|Who to choose? (Duh)|
Twentieth Century Film's Call of the Wild would be the second film version of Jack London's classic novel and the first "talkie" version. Clark was cast as prospector Jack Thornton and Loretta his female lead.
The film was scheduled to be shot in the Southern Sierra Nevada but an unexpected warm front melted the snow and caused production to be moved to Washington State.
|Loretta ans Spence|
|Loretta with a young Judy|
Mutiny on the Bounty proved a good film for Gable, although he had to shave off his trademark mustache to assume the role of Fletcher Christian. He initially believed himself to be miscast as an English member of the Royal Navy but would later state that he believed it to be the best film he starred in.
|Gable and Tone|
Wallace Beery was offered the role of dastardly Captain Bligh but turned it down, supposedly due to his dislike of Gable (the two had filmed China Seas earlier that year). Irving Thalberg cast Charles Laughton in the hopes that he and Gable would dislike each other and that dislike would translate on the screen. Laughton had lost out on an Academy Award earlier that year to Gable and Gable, some said, was a homophobe; Laughton, despite being married, was a homosexual. Regardless, in an effort to break the ice, Gable took Laughton to one of Catalina Island's local whorehouses.
|Gable and Laughton|
Gable, Tone and Laughton would all be nominated for Academy Awards for their performances, something that would cause the Academy to add Best Supporting Actor/Actress to its roster of awards and the multiple nominations likely cancelled each of the actors out among voters. The picture itself would collect the prize in 1936. Mutiny on the Bounty was well received by both critics and movie audiences, being one of the biggest hits of the time and resulting in a profit of nearly a million dollars for MGM.
|Clowning around with Fred|
By 1936, Carole and Clark were on more equal career footing, unlike their 1932 film appearance where he was the greater star. He was indeed the "King of Hollywood" but she was now a well known and respected comedienne, and very well paid. The two were about to cross paths a third time.
|Carole with Cesar, Mayfair Ball|
In between her hostessing duties, Carole managed to catch Clark's eye and the two shared a dance followed by a ride in Clark's car (their respective dates were clearly very understanding.) It's reported that Clark suggested that he and Carole go upstairs with Carole retorting "Who do you think you are? Clark Gable?"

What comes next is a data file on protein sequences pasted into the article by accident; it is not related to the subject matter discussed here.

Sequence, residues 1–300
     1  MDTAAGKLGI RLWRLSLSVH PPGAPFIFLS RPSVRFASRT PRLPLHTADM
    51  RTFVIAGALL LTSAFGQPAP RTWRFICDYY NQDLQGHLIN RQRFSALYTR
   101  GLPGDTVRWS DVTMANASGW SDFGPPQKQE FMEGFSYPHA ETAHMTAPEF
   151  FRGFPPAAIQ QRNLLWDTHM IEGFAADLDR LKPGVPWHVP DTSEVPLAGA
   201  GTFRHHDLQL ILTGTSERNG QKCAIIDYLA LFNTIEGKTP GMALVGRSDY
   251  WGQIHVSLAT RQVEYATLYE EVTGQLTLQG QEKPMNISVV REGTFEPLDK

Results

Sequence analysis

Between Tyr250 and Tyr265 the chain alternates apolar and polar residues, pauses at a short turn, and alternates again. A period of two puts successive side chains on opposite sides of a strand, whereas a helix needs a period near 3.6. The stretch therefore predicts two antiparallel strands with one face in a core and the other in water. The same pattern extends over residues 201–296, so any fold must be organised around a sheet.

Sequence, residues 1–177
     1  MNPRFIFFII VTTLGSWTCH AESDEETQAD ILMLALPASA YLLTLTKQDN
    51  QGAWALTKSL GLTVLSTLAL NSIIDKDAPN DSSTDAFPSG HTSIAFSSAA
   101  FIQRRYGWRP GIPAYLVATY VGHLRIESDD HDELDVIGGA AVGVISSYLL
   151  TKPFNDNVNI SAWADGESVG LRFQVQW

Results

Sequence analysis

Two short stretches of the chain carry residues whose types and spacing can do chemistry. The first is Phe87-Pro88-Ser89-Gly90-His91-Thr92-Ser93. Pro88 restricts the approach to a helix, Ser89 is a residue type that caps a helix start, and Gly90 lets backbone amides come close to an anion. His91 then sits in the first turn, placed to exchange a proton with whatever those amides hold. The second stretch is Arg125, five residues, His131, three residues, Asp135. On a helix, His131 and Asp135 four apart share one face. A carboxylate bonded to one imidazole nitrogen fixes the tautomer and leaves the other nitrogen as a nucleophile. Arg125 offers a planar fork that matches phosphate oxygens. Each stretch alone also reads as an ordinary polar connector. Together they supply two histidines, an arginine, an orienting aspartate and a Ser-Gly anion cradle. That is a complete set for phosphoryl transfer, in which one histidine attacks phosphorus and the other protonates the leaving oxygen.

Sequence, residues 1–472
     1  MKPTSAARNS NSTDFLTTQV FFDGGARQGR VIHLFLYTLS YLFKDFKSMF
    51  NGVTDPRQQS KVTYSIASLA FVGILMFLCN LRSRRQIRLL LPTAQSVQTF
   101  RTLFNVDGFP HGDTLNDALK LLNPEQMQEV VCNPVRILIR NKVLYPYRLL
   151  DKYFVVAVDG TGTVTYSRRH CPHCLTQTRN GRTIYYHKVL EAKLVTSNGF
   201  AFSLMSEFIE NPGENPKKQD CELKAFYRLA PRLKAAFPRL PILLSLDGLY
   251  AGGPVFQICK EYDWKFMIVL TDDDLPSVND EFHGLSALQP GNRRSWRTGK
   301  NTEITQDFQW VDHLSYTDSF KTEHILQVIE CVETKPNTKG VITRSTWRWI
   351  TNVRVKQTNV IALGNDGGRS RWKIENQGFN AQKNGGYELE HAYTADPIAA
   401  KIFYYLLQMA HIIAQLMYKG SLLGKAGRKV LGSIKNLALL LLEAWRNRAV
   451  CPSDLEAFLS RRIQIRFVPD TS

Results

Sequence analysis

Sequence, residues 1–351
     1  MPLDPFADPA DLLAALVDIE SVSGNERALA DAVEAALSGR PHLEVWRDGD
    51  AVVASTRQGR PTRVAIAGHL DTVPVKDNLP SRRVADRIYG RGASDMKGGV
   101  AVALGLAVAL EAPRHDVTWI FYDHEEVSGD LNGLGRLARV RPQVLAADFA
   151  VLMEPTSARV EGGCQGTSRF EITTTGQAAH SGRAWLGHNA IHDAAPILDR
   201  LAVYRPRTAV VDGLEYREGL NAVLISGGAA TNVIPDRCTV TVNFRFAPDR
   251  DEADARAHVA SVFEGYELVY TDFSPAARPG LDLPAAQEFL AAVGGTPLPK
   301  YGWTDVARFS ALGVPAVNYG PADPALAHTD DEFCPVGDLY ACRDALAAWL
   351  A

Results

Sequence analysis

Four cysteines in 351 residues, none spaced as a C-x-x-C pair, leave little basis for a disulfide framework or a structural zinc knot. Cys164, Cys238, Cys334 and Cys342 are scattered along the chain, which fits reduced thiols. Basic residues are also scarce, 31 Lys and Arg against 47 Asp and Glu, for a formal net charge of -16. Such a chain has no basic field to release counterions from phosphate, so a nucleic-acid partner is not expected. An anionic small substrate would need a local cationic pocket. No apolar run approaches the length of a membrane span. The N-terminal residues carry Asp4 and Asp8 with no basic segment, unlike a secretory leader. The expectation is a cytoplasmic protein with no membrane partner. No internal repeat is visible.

This retort exemplified the Lombard-Gable relationship and why it would ultimately work. Unlike most others, she didn't coddle him or enable him or let him slide by on his celebrity. She called him on his bullshit and he clearly liked it. She got him. Carole brought out something in Gable that no one else had before, not even Crawford. Carole was youthful, she was joyful and she was fun. She raced through life at full speed, as if she knew she wouldn't have as much time as she should, and her vigor made Clark feel not only young but alive.
|Niven and Oberon pose with |
Norma Shearer and Irving Thalberg
Mayfair Ball, January 1936
Oberon was a recent Hollywood import from Britain and involved with fellow actor (and fellow Brit) David Niven. She was reportedly in love with Niven and wanted to marry him but he had a roving eye. She attended the Mayfair Ball with Niven that January. Perhaps she saw the obvious sparks between Carole and Clark, perhaps she wanted to make Niven jealous or maybe her romance with Niven wasn't getting her on the front pages. Whatever her motives, she sent a note to Gable's suite on February 1, his birthday, telling him to stay in and wait for his present. He may have figured the note was from Carole but it was Merle that showed up with champagne and he did not turn her down.
|Sparring at the Smith party|
|Gable with his Oscar in 1935|
Things still moved slowly. Carole, like many female stars at the time, kept to a very rigorous schedule when she was working. She didn't stay out late and made sure to get plenty of sleep so she would look her best on film. She also was playing a bit hard to get with Clark, something very few other women did.
|A year later with Merle|
It would take another request by Marion Davies to put Carole and Clark together permanently.
To be continued . . .